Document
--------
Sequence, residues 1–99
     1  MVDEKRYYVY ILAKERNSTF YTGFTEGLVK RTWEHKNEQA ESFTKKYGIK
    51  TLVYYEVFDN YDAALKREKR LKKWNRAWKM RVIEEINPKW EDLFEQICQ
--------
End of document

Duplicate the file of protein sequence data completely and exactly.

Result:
Sequence, residues 1–99
     1  MVDEKRYYVY ILAKERNSTF YTGFTEGLVK RTWEHKNEQA ESFTKKYGIK
    51  TLVYYEVFDN YDAALKREKR LKKWNRAWKM RVIEEINPKW EDLFEQICQ